The phone’s been ringing off the hook here at the Circumcision Law Desk all weekend, so I apologize in advance if this post comes off sounding a bit distracted. Oftentimes, the intersection of foreskin and law is a lonely corridor filled with nothing but shattered dreams and crying babies.
Over the weekend, the New York Times published an article that did a pretty good job of illuminating where we are at in the pitched legal battle over circumcision. As mentioned at the end of the last dispatch from the Circumcision Law Desk, the forces of full-bodied penises have turned their attention to passing legislation that outlaws circumcision.
As Elie pointed out two weeks ago, San Franciscans will be voting this fall on whether to ban circumcision. And they’re not alone.
After the jump, find out what happens when people stop being polite and start trying to pass laws that outlaw circumcision and, in the process, piss off an entire religion (and blogger Andrew Sullivan)….
Protip: Don’t look up the Wikipedia entry for foreskin. Don’t do it even if you have to write a post about a baby who was given a circumcision against his parents’ wishes. Vera Delgado, the baby’s mother, had left the hospital to shower and get a change of clothes. Just long enough for Nurse Ratched and the gang to do the do. Delgado’s lawyer, Spencer Aronfeld, summed up the understandable reaction:
“It was horrific, quite frankly,” said Aronfeld. “The parents were very explicit they did not want him circumcised, and [the hospital] had asked the parents repeatedly.”
Since announcing Delgado would sue, Aronfeld said he has received countless supportive e-mail messages and seen social network postings from so-called “intactivists” who oppose circumcision.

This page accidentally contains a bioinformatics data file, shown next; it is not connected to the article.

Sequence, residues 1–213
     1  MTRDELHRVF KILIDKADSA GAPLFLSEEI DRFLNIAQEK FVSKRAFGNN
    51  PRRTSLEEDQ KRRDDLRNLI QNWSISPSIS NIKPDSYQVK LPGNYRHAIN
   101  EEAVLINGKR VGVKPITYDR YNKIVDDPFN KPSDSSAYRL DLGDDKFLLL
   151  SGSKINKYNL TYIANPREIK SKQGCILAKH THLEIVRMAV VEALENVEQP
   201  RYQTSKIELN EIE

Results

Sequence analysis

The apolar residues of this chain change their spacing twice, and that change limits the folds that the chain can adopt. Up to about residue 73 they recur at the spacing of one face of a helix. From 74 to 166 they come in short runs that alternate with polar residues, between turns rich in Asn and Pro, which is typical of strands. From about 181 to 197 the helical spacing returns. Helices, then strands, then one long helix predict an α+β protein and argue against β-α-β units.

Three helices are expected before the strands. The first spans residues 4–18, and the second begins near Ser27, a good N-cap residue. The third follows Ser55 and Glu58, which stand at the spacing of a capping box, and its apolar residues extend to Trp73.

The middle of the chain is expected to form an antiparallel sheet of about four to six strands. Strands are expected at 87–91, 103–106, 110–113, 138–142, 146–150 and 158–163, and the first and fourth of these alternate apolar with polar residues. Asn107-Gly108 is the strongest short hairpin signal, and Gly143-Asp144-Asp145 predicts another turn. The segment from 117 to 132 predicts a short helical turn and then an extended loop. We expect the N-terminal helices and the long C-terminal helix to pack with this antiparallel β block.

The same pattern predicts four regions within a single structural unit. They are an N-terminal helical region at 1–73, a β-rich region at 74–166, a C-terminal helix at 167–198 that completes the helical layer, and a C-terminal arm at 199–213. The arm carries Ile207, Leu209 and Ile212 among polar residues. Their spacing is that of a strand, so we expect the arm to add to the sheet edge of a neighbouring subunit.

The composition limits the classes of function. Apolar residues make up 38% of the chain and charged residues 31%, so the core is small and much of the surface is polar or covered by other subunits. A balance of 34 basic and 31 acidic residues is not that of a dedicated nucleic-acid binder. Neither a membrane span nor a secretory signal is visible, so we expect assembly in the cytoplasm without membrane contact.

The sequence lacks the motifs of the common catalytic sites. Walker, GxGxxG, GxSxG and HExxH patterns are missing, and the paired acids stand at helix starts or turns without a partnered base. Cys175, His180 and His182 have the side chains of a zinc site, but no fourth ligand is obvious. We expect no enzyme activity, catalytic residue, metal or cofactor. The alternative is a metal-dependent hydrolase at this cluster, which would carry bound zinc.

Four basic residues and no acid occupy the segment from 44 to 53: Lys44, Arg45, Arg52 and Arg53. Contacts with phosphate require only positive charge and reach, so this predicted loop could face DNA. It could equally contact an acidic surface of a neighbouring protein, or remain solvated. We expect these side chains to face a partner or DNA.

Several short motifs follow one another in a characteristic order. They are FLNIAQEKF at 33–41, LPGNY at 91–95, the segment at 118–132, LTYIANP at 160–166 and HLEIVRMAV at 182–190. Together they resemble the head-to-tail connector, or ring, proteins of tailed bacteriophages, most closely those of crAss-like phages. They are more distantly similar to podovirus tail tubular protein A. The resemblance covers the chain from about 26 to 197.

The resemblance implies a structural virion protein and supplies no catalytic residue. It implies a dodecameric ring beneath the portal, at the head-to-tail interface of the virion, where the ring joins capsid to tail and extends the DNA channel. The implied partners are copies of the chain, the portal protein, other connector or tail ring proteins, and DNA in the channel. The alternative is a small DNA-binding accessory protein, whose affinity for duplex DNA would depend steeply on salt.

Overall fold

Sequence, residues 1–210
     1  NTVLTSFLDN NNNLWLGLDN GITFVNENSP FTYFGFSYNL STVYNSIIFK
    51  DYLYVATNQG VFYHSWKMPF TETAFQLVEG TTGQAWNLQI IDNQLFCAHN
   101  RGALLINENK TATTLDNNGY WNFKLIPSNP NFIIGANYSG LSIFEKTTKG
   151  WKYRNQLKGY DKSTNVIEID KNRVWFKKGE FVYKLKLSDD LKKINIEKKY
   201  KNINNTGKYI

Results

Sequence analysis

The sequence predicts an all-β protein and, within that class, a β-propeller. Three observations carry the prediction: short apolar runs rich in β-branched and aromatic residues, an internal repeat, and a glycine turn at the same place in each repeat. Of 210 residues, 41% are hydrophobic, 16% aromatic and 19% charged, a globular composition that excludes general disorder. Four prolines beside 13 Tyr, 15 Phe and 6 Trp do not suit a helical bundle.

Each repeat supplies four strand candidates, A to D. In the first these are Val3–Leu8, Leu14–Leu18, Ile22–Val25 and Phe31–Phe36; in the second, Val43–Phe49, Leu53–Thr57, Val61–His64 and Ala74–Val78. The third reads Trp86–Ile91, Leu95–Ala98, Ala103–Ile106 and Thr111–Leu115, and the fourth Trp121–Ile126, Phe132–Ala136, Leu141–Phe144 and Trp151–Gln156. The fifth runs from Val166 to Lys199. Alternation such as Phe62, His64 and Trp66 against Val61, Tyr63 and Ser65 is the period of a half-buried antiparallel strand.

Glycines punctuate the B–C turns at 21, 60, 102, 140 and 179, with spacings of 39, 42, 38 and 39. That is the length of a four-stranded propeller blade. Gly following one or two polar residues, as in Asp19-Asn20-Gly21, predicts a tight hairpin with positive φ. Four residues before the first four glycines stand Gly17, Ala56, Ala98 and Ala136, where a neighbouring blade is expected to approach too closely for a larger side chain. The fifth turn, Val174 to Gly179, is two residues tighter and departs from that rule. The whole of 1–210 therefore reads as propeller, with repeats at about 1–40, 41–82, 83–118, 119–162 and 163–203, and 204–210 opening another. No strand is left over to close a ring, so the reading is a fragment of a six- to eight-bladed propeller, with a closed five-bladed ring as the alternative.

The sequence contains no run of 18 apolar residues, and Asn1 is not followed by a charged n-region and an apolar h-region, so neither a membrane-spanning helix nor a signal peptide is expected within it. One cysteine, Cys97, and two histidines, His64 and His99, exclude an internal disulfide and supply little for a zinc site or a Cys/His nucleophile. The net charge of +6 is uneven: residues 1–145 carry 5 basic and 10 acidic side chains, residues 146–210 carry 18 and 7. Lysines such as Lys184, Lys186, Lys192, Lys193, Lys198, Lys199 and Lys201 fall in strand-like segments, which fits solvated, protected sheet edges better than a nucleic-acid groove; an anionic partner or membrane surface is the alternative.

“People who are passionate about not circumcising their children are sending me Facebook messages, like, “I love you. You are my hero!”
So the mother is suing the hospital. Of course (not of course), we all remember from law school (from Google) that Benjamin Cardozo wrote the seminal opinion in which an unwanted surgical procedure was legally classified as battery. And that’s exactly what the mother is suing the hospital for. All fine and well. Somebody messed up, and “Oops!” isn’t going to cut it.
But it’s not the dollar amount of $1 million that jumps out from the story….
Apologies for not getting to this story earlier. Sometimes things fall through the cracks around here. (We were offline for much of Thursday and Friday, attending Lavender Law.)
Last week, a federal magistrate judge questioned the propriety of the U.S. Attorney’s Office moving to dismiss a marijuana possession charge against Andrew Sullivan. Yes, thatAndrew Sullivan — the noted political pundit, author, and blogger (and proponent of marijuana legalization).
Judge Collings issued his saucy opinion (PDF) on Thursday. Later that day, the story was broken by The Docket. The case has also been covered by Gawker, Wonkette, and the WSJ Law Blog, among other outlets (links collected below).
So we won’t rehash what you’ve probably already read. But feel free to take our reader poll and to discuss the case in the comments.